Wednesday, December 5, 2012
Basically, it took only a decade to settle the Red River Valley. Fertile land and a strong demand for wheat created an economic whirlwind for growth and development. Millions of bushels of wheat flowed from the rich farmlands of Dakota via the railroads to the mills in Minneapolis and points east.
However, in the mid 1880s the millers had formed an association to eliminate competition in the purchasing of grain and gained control of both the rural elevators and the terminal elevators. Farmers in Dakota were at the mercy of these buyers and suddenly the farmers were receiving much less than the actual value of their products. When the farmers turned to the railroads in an attempt to establish farmer-owned elevators, the railroads formed an alliance with the millers, and even offered the millers rebates and special rates, while enforcing new rules that ensured a monopoly for the Minneapolis buyers.
On this date in 1887, farmers in Bottineau County met to form a chapter of the Dakota Farmers’ Alliance Company. Local farmers such as Ezra Turner, George Coulthard and William Stewart were attempting to organize area farmers to, not only build their own elevators and ship their own grain, but to support the politicians who could enact laws to regulate the railroads and curtail the monopoly of the Minneapolis buyers. The Farmers Alliance was a corporation based in Aberdeen, Dakota Territory with a board of directors selected from all across the territory.
In 1886 there were slightly over two hundred and fifty chapters of the Alliance, but by 1888, the number had swollen to over seven hundred chapters with twenty-eight thousand members. But efforts to organize their own elevators and market their own wheat met with little success. By the time of statehood, there were only forty-two farmer-owned elevators. Often the railroad flatly refused to haul the grain.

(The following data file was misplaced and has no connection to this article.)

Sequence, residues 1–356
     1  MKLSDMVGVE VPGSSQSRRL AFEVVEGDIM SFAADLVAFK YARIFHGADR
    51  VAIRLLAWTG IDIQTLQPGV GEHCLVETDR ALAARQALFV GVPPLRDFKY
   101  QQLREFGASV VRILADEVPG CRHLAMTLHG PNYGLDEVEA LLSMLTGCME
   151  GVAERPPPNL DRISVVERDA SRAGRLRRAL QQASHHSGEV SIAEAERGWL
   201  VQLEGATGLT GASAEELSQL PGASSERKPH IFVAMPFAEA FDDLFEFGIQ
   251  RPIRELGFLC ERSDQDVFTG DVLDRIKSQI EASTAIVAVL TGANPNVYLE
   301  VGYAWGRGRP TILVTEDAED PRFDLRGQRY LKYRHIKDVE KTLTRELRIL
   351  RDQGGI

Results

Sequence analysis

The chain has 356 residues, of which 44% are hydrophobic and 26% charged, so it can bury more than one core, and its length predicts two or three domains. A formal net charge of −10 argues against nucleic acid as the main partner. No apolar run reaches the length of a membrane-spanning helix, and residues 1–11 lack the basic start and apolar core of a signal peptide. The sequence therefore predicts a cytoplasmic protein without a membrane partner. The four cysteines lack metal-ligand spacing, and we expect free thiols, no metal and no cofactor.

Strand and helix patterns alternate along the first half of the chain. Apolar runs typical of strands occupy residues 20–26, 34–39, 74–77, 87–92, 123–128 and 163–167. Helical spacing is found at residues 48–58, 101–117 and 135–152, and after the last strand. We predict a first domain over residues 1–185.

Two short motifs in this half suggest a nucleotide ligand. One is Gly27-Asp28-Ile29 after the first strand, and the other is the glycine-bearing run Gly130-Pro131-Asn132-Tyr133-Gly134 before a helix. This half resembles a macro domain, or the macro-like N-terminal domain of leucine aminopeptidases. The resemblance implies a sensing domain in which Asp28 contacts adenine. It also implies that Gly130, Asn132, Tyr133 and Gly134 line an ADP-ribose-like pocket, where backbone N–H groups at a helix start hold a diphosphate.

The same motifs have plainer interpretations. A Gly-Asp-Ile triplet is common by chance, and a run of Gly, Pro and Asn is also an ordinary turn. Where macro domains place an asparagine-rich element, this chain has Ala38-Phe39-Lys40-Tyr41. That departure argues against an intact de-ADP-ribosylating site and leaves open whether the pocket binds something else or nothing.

An attempt to use the Alliance as a central purchasing agent for supplies needed by the farmers also failed – due to a lack of capital to purchase large quantities and no means for distribution.
The railroad opposed building any accommodations on railroad property and even went as far as to tear up side tracks to the warehouses.
Although the Dakota Farmers Alliance, such as the Bottineau Chapter, met with some success, it could not break the grip of the railroads and the Minneapolis elevator monopoly. It would take federal regulation of the railroads and a grassroots movement several decades later, in the form of the Nonpartisan League, to finally break the marketing control on North Dakota wheat.
Dakota Datebook written by Jim Davis
The Bottineau Pioneer December 8, 1887; December 15, 1887
History of North Dakota by Elwyn B. Robinson 1976.